Picking up the theme from my last blog, out of the CPP conference, of changing the cultural landscape by, you know, involving wider sets of people than usual, Arts Council England have just published Cultural Democracy in Practice, written by the effervescent team at 64M Artists. It’s an important publication as much for what it signals as its contents, which consider some of the whys and wherefores of cultural democracy and provide some potential common values, case studies and how to tips. (The publication is primarily a guide for those wanting to explore the ideas more, rather than a statement of policy or history.)
I read it as a signal of an interest from ACE in both broader definitions of culture and how those areas beyond (if that’s the right word, I suspect it’s not) funded arts activity can be given more recognition. My main caveat would be the guide feels a little smoothed out, a bit too shiny and happy, and glides over some tougher issues, such as control, funding, or group and community dynamics. But it is timely and important whatever your starting point. (It’ll be too much for some, too little for others.) It does clearly and usefully discuss the challenges and benefits of co-creation and shared decision-making – and for many, maybe even most, that’s a big step. If there’s an NPO management team – or a funding body – not thinking about this stuff, well, I’d be a bit worried for or about them. And it contains useful pointers for many others beyond that particular part of our culture.
I’d also suggest reading it as useful inoculation against inadvertently using or abusing what will, like it or not, prove to be two of 2019’s buzzwords, one important thing with buzzwords being to only use, abuse or indeed avoid them deliberately and with knowledge of their background.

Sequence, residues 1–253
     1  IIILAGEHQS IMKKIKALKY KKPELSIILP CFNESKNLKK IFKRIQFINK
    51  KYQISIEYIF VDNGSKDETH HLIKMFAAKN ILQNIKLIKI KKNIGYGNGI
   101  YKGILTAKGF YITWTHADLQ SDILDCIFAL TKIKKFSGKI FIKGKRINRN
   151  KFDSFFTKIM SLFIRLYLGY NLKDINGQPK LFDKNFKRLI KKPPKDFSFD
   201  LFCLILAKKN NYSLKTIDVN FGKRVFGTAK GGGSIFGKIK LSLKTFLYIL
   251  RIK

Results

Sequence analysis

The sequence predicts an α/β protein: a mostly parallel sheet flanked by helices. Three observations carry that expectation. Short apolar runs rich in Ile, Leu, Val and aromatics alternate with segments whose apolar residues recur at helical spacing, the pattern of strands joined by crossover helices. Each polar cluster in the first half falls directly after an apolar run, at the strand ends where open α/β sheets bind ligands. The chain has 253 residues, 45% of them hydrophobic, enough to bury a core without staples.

Democracy, cultural or otherwise, is not all about decision-making, of course. And neither is decision-making always about democracy. (Insert own regretful reference to referenda here.) But decisions sometimes have to be made, and I recently came across this handy guide to different models of decision-making for different circumstances. As the heading says, ; ‘a few simple questions to explore better ways to make group decisions’. I haven’t used the Slackbot version but the website is clear and accessible.
The people behind the Decider Slackbot, Nobl, also share various tools and resources about work and ways of working on this site. I found it interesting, and it’s worth a delve if you like that sort of thing, but I’m not making a Thinking Practice Culture Slide Deck, just yet. Although actually, just typing that makes me want to, for my own entertainment…
On the theme of involvement and participation, this guide, from Co-operatives UK and the New Citizenship Project, suggests some practical ways to build what they call ‘everyday participation’. It is aimed especially at memberships groups and co-operatives, but I think some of the seven ‘modes of everyday participation’ could be adapted and used in collaborative cultural settings of various sorts – from studio groups to city-based venue collaborations. Those seven modes (in case you’re too-busy-to-click) are:
1. Tell stories
2. Gather data
3. Share connections
4. Contribute ideas
5. Give time
6. Learn skills
7. Crowdfund innovation.
German neuroscientists have found out something a little unsurprising: “Collectively, our results indicate the existence of distinct neural traits in the dopaminergic reward system of artists, who are less inclined to react to the acceptance of monetary rewards,” the researchers write.
However, it’s not simply that artists brains are hard-wired to not be as bothered about money –when they’re told they can’thave it other parts of their brains get very agitated. File under #noshitsherlock perhaps?